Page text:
Brush away sugar, tooth decay
Published 11:59 pm Friday, November 27, 2009
The holiday season is usually a sweet time for dentists.
Dr. William King Jr. of Andalusia Dental Group said the months following Halloween are typically the busiest of the year for his practice, but not necessarily for the reasons most people might think.
“Obviously kids eat a lot of candy around Halloween, but it takes about six months for cavities to form, so that’s not really why business picks up in the holidays,” he said. “The main reason is that the kids are out of school more often, so parents have an easier time of getting their kids to the dentist during the school break.”
While sugar-caused tooth decay can take a while to form, King said there are other dental problems that occur more quickly when young teeth spend too much time gnashing on holiday sweets.
“We see chipped and broken teeth from sticky candy all the time,” he said. “This time of year, there are lots of parents making appointments because a kid’s filling came out because of some really sticky candy, and things like that.”
King said there is no reason to hold off on the sweets during the holiday season, but it is important to always practice good dental hygiene. He recommends that anyone who eats sweets quickly brush and rinse with water immediately following that binge of Halloween candy or slice of pumpkin pie.
“The most critical thing is that you don’t ever go to bed without brushing at all,” he said. “That sticky food has 10 to 12 hours where it’s just sitting on your teeth, and it has all night to secrete that acid that leads to tooth decay. At the very least, make sure to give your teeth a good brushing right before bed.
“Ideally, you’ll want to brush right after getting up in the morning, right before bed, and then at least once during the day.”
Also, he said that if someone decides to enjoy a sweet drink or dessert, it is better to eat it quickly.
“Sugar can be bad, but it’s worse if you have it on your teeth for a long duration,” he said. “If you decide to have a soda or another sweet drink, it’s better to drink it all at once rather than throughout the day. And anytime you’ve had something sweet, if you don’t have time to brush, it’s important to at least drink some clean water to rinse your mouth.”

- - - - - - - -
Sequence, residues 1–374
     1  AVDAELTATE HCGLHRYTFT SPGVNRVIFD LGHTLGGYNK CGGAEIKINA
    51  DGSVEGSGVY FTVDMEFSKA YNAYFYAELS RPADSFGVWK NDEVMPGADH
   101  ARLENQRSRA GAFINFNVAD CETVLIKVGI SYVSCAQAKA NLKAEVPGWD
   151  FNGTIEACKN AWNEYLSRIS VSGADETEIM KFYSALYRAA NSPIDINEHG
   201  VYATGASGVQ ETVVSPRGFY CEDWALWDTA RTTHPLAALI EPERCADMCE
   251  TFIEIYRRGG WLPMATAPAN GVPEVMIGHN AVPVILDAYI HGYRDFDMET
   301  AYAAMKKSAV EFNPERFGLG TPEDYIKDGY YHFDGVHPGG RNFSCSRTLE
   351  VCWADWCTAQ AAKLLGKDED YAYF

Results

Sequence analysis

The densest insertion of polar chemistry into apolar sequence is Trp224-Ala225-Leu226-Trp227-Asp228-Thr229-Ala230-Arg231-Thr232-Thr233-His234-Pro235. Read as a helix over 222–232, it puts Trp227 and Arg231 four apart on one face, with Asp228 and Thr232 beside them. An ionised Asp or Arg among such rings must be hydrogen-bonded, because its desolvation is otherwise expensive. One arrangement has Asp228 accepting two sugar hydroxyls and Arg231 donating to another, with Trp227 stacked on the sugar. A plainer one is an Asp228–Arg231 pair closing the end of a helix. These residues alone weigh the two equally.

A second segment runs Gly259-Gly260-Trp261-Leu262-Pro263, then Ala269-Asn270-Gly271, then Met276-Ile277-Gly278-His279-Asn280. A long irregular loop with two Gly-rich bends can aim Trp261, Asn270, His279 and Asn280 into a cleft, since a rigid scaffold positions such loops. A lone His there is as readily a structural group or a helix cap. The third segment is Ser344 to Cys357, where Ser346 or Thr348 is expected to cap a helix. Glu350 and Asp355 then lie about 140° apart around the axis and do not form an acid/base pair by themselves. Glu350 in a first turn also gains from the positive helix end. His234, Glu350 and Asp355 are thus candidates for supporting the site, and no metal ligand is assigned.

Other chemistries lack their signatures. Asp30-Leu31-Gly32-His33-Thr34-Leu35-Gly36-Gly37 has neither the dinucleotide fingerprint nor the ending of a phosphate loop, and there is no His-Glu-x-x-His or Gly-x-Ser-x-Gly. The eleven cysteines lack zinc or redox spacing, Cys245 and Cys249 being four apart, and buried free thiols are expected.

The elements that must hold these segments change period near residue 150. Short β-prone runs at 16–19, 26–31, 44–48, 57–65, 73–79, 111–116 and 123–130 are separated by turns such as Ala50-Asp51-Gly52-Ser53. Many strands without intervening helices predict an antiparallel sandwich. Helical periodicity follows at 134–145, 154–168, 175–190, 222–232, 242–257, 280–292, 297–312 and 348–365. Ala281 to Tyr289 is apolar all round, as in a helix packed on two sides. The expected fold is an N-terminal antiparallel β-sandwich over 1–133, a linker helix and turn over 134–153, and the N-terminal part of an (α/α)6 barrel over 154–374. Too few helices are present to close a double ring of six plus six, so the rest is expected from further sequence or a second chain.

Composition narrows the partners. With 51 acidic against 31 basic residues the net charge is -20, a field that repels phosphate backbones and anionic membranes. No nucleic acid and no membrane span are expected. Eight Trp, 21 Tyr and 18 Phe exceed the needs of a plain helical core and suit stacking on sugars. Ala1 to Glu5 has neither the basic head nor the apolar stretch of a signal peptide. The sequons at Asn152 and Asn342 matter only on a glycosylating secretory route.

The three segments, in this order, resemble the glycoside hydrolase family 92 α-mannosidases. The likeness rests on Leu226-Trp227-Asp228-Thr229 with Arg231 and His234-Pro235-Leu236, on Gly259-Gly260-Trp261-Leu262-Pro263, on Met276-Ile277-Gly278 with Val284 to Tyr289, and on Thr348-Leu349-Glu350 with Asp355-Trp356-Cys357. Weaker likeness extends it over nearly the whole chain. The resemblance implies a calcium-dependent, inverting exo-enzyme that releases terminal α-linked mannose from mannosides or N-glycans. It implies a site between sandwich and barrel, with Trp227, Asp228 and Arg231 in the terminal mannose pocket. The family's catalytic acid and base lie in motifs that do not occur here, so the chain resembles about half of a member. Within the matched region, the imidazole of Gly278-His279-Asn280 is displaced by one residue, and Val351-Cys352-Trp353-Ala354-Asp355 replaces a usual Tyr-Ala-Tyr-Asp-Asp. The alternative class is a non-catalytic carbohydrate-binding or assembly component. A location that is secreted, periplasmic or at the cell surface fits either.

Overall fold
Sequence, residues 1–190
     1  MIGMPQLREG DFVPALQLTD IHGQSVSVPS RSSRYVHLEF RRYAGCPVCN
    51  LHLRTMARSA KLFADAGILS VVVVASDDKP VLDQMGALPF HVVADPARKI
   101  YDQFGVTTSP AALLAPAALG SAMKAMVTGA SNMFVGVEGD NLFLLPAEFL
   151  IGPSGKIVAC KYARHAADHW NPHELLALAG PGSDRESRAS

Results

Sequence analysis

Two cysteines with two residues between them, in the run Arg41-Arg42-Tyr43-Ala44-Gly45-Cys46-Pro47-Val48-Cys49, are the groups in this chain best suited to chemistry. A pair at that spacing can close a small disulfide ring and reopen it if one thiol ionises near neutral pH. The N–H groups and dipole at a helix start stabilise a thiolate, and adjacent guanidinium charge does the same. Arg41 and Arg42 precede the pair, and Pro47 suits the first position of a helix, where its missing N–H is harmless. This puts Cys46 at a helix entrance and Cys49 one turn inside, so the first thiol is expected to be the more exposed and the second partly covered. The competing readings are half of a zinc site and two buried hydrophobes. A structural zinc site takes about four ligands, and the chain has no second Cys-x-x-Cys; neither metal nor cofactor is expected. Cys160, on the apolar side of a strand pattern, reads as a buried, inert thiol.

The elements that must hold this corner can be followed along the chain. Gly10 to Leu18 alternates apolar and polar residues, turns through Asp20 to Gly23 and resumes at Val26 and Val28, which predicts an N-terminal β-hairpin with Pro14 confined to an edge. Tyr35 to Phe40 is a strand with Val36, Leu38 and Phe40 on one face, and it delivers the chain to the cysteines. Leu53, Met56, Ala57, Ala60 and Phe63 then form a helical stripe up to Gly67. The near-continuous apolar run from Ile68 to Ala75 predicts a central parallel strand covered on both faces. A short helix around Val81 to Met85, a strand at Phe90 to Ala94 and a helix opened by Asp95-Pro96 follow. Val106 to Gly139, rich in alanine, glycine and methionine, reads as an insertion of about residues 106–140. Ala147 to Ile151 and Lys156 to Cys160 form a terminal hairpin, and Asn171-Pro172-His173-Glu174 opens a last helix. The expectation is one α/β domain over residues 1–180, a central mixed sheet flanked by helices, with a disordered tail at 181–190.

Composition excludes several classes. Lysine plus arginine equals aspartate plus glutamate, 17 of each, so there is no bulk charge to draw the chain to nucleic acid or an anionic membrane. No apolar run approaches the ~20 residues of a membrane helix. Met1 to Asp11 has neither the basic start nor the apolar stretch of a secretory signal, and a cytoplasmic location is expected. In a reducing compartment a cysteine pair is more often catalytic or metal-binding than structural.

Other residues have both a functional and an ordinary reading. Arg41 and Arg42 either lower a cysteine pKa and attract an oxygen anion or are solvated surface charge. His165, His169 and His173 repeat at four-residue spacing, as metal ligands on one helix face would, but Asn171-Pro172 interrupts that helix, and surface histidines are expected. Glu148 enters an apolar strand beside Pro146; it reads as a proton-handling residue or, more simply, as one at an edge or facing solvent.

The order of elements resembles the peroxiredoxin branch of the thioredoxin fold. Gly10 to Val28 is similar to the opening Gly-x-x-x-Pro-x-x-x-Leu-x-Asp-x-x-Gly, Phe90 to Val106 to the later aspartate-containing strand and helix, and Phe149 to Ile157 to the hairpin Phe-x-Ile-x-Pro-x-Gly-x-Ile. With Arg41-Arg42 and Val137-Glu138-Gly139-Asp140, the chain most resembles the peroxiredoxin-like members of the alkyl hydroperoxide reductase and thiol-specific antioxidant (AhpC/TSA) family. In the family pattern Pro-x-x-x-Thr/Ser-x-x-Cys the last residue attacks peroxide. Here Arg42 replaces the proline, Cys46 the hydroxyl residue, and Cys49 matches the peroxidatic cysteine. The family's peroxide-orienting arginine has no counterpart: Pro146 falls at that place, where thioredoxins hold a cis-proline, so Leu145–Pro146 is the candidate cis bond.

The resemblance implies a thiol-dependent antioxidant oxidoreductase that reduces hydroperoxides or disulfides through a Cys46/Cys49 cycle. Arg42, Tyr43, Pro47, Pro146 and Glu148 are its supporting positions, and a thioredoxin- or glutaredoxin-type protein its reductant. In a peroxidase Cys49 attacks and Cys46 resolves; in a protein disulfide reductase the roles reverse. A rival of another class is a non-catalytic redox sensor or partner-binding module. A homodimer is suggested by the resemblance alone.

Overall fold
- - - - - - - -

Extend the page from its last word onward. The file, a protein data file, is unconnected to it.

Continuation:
King noted it’s important for parents to especially be diligent with dental hygiene for their younger children.
“Try to limit the kinds of sugar and the amount of sugar for little kids,” he said. “And be sure to give them a good brushing right away afterwards. It’s never too early to learn good dental habits.”
The American Dental Association recommends the following for good oral hygiene, not just during the holiday season, but year-round:
Brush your teeth twice a day with an ADA-accepted fluoride toothpaste. Replace your toothbrush every three or four months, or sooner if the bristles are frayed. A worn toothbrush won’t do a good job of cleaning your teeth.
Clean between teeth daily with floss or an interdental cleaner. Decay–causing bacteria still linger between teeth where toothbrush bristles can’t reach. This helps remove plaque and food particles from between the teeth and under the gum line.
Eat a balanced diet and limit between-meal snacks.
Visit your dentist regularly for professional cleanings and oral exams.
For more dental tips and information, visit www.ada.org/public/index.asp.